Speaking Clearly- Word stress

Hello, I’m Karen Dacy from Academic Skills. This speaking clearly video is for
students who want to improve their pronunciation in English and today we’re looking at stress pattens in words. Academic English, which is the
language of your studies has lots of long words. Words like ‘hydroxide’, ‘ancillary’, ‘sequestration’ ‘statistical’ You’ll notice that one part of each word is
louder and longer than the other parts. This is the word stress. On this slide I’ve made the letters bigger to show you where the stress is. Now putting the stress in the right
place in a word is very important for English speakers. For example, if you say statistickle instead of statistical English speakers may not understand you But which part of the word do you stress?
How do you know? Are there any rules? Well the first thing you need to know is that
words contain syllables. The word, ‘word’, has one syllable,
‘Contained’ has two syllables, and ‘Syllables’ has three syllables. In almost every word in English with two
or more syllables one syllable will be strong, or stressed and the other will be weak or unstressed If you don’t know where the stress is in a particular word you can find out by
using a good dictionary, a paper copy or online. Some online dictionaries have sound files
so you can listen to the word and where the stress is placed. Good dictionaries use the International Phonetic Alphabet. Here’s the word ‘international’, written in International Phonetic Alphabet. You probably recognise some letters but not others. Don’t worry, what we’re looking for here
is how they mark the stressed syllable. Here is the stressed syllable and it’s marked with a little bar above the line at the start of the syllable. Notice here, and here, and here, all the week, or unstressed syllables look the same. This little upside down ‘e’ has the sound /ə/. So, now we know which syllable is stressed, how do we practice saying the word? The
easiest way to get the stress right is to start from the stressed syllable and work
backwards one syllable at a time. That’s right, backwards. Let’s try it with the word, ‘experimental’. Cover started the word down to the
stress bar with your finger, or a piece of paper. Say that part of the word. ‘Mental’, then move your finger to add the next syllable and the next. Listen. ‘Mental’… ‘remental’…
‘sperimental’… ‘experimental’ Now try these examples, ‘liminite’… ‘eliminate’ ‘standing’… ‘withstanding’… ‘notwithstanding’ There are more examples on our word stress handout. Pause the video now and go to exercise 1. Welcome back. Let’s look at two important rules that
determine would stress. Firstly, word endings often determine stress. Secondly, for some words, if it’s a noun, stress the first syllable. If it’s a verb, stress the second. What do you notice about these groups of words? Listen. ‘Biology’… ‘Biological’ ‘Photograph’… ‘Photographer’… Photographic’ The stress changes according to the end of the word. Now do you have to remember a different stress pattern each time the word ending changes? Well, yes. But it’s easier than you think. It’s actually good news because once you know biology, you also know how to say ‘Analogy’… ‘Psychology’… ‘Geology’ Can you think of some more words that end with ‘logy’? The same rule applies to words that end in ‘ical’. ‘Economical’… ‘Critical’ ‘Alphabetical’ and words that end in ‘tic’. ‘Domestic’… ‘Fantastic’… ‘Artistic’. As you can see, the stressed syllable often comes just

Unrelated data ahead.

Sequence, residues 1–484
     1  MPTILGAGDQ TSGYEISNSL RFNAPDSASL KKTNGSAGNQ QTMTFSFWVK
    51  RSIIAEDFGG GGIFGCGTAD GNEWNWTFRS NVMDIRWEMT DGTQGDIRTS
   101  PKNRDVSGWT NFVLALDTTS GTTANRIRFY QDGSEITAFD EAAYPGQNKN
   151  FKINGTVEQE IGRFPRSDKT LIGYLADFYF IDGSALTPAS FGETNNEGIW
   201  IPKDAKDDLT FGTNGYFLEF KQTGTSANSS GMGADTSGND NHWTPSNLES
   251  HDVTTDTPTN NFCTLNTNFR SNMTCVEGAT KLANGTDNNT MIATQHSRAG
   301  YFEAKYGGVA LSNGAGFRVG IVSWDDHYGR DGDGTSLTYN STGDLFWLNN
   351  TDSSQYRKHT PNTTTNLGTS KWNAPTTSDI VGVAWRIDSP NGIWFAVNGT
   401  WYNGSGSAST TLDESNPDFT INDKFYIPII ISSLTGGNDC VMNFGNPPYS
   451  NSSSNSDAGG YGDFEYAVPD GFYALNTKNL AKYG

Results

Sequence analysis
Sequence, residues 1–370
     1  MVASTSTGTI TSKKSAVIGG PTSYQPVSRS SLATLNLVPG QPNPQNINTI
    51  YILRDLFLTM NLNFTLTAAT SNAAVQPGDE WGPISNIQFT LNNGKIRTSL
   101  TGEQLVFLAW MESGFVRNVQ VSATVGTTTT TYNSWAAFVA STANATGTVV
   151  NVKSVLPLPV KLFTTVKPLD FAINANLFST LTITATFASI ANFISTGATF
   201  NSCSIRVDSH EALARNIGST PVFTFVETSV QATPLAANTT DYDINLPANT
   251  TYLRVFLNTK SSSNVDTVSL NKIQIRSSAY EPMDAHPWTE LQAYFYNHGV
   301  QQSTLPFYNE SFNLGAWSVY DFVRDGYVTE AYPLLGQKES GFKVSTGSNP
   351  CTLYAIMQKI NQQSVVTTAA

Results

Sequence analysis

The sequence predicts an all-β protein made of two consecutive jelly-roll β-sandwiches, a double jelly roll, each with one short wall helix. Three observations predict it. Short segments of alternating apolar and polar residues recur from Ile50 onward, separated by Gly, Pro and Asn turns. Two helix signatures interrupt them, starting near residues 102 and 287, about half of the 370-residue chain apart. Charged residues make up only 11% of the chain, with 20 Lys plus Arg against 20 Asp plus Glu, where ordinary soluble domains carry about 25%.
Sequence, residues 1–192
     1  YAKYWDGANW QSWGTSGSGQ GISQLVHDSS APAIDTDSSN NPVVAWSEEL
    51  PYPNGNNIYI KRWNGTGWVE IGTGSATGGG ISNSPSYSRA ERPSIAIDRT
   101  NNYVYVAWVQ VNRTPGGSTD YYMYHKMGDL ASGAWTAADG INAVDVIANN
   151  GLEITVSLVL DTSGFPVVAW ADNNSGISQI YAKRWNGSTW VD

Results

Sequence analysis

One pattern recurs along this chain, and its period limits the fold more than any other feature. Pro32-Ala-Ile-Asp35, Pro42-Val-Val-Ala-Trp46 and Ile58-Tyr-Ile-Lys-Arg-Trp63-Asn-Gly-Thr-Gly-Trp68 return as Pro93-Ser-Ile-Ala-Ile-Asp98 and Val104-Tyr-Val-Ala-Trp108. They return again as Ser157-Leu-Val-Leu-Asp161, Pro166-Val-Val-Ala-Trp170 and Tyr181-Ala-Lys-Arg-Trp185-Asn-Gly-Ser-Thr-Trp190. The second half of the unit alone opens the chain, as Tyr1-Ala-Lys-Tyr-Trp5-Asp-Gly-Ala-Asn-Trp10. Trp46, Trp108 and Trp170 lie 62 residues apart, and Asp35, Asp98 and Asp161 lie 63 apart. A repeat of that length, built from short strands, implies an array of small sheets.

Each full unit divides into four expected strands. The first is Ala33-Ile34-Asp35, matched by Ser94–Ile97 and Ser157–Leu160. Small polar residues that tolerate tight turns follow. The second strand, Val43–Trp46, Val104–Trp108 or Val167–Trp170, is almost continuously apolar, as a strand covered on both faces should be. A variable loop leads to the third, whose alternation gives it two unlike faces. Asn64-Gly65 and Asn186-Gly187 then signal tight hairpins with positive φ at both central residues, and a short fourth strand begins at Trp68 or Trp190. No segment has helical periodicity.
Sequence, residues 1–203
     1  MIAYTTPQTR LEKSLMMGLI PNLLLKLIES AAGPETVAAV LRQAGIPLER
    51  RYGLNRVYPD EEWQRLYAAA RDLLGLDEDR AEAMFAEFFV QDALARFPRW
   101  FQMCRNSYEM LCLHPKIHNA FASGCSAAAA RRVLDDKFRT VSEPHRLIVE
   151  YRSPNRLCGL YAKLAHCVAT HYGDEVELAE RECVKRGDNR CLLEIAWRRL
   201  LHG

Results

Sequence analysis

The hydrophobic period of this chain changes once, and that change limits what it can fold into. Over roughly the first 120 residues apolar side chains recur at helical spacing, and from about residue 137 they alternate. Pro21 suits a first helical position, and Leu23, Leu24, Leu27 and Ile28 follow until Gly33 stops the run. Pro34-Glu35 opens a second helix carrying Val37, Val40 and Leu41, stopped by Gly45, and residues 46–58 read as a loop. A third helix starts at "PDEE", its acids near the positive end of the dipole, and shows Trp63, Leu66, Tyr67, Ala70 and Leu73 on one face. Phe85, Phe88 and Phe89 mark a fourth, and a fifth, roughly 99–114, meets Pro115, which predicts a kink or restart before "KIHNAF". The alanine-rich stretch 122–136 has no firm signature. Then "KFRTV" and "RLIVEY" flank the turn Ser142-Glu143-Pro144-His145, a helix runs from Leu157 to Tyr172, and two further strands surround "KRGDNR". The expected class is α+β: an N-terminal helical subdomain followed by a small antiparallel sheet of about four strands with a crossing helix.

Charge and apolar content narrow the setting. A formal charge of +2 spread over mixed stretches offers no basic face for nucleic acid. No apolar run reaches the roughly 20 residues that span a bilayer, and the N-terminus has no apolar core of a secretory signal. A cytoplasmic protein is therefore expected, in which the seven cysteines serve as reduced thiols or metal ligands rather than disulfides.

before the word ending. words that end in ‘A-T-E’ or ‘ate’, are an exception. Listen. ‘Eliminate’… ‘Concentrate’… ‘Anticipate’.
For this ending, the stressed syllable is two syllables
before the ending. Can you think of any other word
endings that come up in your studies? Endings like, ‘ify’, as in, ‘Modify’… ‘Clarify’ ‘ary’, as in ‘Stationary’… ‘Dictionary.’ ‘able’, as in ‘Sustainable’… ‘Renewable’ ‘tion’, as in ‘Nation’… ‘Derivation’ If you want to do some more practice,
pause the video now, and go to a word stress exercises
handout, exercise two. Welcome back. Here are some more rules.
Sometimes the noun and verb for a word may look the same when you write them but the stress changes when you say them. Listen. Noun. She broke the Olympic record. Verb. Did you record the lecture? There are some practice listening
activities for this rule on the next video So that concludes our introduction to word stress. In summary, correct placement of word stress is vital in English if listeners are to understand you. Almost all words with two or more syllables stress one syllable and weaken the rest. In words have three or more syllables,
the word ending suffix often but not always decides where the stress will be Where a noun and a verb are written the same way, the first syllable will be stressed for
the noun and the second syllable will be stressed for the verb. The end. There’s more practice on the next video.

14 thoughts on “Speaking Clearly- Word stress

  1. Hi, I have been observing that there is no word with two or more syllables that ends an aa sound, so if the spelling ends with a then it takes the schwa sound. e.g. India, China, Pizza, Visa, Charisma, Banana. The mentioned words are ending with a, however all these words takes a schwa sound instead. Please let me know if my observation is correct.

  2. Hi 
    I am not sure about single stress, primary, and secondary stress word. 
    Could your please explain me about the different between them? The word 'Experimental' /ɪkˌspɛrɪˈmɛnt(ə)l/ contains both primary and secondary stress, what is the main stress in that word? and how do we pronounce it? 
    I am looking forward to hearing from you. 
    Best wishes, 
    Phnom Penh, Cambodia

  3. I can’t hear the syllabic differences in volume. I hear that certain syllables are emphasized, I just don’t know why.

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